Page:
Or, if you’re simply  looking for something enjoyable and stimulating to read within the realm of science fiction and fantasy, which also illuminates abiding questions about the perennial tensions between Liberty and Power, an excellent place to begin is with this recommended reading list of award-winning fiction (to be published here on a regular weekly (or biweekly) schedule, starting now (September 2019).

These capsule appreciations are being written and edited by LFS members (including LFS founder Michael Grossberg, LFS President William H. Stoddard, and veteran LFS leaders and board members Chris Hibbert, Tom Jackson, Anders Monsen, Eric Raymond, and others). In a few cases, the Appreciations will be based in part on reviews printed in the Prometheus quarterly (1982-2016) or the Prometheus blog (2017-today).

Since 1979, a wide array of novels, novellas, stories, films, TV series and other works of fiction have won Prometheus awards by highlighting in fascinatingly different ways the value of voluntary social cooperation over institutionalized State coercion, the importance of respecting human rights (even for that smallest minority, the individual), and the evils of tyranny (whether on the Left or the Right).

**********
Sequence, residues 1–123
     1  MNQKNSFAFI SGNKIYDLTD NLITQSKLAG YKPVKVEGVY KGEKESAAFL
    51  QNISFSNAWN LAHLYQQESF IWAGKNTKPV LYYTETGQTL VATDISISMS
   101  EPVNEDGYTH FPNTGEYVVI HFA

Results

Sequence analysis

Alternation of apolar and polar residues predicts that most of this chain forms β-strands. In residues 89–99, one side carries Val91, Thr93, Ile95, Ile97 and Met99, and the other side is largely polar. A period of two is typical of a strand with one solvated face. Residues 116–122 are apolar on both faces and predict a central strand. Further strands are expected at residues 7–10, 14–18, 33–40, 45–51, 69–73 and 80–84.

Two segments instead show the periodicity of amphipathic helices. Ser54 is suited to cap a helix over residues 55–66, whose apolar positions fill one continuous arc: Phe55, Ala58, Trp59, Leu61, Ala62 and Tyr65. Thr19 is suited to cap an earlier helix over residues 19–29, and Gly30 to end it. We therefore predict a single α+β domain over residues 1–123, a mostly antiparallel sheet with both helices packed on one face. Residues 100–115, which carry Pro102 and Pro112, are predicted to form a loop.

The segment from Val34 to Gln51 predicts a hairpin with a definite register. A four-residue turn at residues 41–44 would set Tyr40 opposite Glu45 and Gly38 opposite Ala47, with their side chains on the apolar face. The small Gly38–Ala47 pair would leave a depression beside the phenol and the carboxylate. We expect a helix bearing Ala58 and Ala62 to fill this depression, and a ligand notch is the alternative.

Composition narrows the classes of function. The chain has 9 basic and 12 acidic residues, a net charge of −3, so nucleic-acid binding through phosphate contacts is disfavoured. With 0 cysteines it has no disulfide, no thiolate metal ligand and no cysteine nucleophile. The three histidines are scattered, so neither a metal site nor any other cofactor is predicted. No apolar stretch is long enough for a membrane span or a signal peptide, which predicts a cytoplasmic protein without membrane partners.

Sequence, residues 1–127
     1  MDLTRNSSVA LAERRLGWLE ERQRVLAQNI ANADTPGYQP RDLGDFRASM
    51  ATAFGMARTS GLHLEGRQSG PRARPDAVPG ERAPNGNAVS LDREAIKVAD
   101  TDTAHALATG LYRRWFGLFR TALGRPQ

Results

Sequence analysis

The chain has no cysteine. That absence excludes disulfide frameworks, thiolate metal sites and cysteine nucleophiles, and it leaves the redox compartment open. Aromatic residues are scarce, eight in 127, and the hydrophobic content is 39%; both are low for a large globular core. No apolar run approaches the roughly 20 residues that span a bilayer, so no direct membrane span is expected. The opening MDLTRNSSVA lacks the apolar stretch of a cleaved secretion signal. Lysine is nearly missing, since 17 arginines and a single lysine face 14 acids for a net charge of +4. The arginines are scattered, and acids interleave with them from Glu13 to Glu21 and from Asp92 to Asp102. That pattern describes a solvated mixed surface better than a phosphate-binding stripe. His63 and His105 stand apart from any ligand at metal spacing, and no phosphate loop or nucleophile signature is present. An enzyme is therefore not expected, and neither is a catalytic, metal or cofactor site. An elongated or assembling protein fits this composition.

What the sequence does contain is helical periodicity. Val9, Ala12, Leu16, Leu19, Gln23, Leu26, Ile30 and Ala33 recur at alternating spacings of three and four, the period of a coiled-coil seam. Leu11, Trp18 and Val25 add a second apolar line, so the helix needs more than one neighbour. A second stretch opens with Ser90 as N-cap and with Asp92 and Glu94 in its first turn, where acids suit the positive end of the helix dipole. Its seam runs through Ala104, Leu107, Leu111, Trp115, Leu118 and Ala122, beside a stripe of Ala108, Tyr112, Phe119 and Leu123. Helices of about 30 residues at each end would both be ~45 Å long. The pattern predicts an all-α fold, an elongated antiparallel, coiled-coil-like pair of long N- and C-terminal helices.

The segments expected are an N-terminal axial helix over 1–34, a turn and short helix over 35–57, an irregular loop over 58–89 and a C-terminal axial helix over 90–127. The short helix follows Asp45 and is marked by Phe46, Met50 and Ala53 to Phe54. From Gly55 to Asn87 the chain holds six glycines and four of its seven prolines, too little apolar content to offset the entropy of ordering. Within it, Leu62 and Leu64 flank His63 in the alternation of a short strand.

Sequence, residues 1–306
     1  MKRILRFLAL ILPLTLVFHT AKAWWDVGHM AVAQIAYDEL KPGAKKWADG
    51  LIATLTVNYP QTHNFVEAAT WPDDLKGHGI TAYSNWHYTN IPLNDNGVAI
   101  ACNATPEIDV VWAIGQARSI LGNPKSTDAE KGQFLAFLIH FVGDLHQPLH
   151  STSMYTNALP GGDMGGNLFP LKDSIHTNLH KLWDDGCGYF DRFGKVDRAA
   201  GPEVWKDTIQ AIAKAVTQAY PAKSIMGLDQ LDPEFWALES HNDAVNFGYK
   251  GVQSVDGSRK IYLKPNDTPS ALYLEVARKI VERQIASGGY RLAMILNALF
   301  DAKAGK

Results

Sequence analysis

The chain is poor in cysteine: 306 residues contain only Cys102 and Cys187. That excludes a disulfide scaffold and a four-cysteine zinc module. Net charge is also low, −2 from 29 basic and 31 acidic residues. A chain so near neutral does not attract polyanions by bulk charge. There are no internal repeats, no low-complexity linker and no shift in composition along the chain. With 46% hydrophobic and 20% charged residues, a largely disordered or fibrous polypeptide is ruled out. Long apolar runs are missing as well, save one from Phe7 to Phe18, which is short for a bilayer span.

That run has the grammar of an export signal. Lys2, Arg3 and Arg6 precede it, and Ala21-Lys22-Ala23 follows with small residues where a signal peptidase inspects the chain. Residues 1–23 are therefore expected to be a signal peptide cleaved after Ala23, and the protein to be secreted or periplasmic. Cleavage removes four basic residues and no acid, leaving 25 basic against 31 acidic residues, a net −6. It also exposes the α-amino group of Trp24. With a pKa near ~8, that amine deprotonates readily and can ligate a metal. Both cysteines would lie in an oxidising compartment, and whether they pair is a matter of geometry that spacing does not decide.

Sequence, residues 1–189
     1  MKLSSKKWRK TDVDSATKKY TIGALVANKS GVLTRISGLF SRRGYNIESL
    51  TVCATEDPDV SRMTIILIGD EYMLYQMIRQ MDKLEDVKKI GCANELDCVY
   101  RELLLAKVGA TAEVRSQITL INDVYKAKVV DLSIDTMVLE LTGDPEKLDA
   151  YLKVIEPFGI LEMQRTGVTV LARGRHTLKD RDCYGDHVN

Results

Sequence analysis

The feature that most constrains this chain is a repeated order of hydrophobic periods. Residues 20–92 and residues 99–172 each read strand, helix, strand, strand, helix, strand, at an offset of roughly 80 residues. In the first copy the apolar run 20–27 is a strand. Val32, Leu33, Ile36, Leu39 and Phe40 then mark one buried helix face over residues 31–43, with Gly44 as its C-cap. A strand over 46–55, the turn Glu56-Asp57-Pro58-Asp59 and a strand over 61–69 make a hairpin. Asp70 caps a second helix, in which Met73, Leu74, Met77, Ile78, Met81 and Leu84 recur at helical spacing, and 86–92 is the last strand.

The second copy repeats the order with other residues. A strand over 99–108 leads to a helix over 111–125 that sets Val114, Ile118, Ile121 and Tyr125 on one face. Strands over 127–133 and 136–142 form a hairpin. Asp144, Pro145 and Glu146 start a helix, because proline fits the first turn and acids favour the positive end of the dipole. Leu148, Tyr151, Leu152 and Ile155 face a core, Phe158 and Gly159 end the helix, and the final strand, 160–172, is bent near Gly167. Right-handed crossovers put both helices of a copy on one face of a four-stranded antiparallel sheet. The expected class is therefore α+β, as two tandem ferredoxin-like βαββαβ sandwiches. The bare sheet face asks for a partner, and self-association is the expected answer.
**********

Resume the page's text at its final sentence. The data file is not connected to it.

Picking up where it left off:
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Interview: LFS founder Michael Grossberg on how he became a writer, critic, sf fan & helped save the Prometheus Awards

 

Michael Grossberg, 2016 Photo courtesy of M.G.

Note: In this wide-ranging autobiographical interview, Grossberg shares his encounters, conversations and/or connections with Timothy Leary, George R.R. Martin, L. Neil Smith, Bruce Sterling, David Brin, Sissy Spacek, Gore Vidal, Ray Bradbury, Roy Rogers, Jeffrey Rogers Hummel, Roberto Rossellini, Nicholas Ray, Marianne Williamson, Susan Sontag, Roy Childs Jr., James Hogan and Robert Heinlein, among others.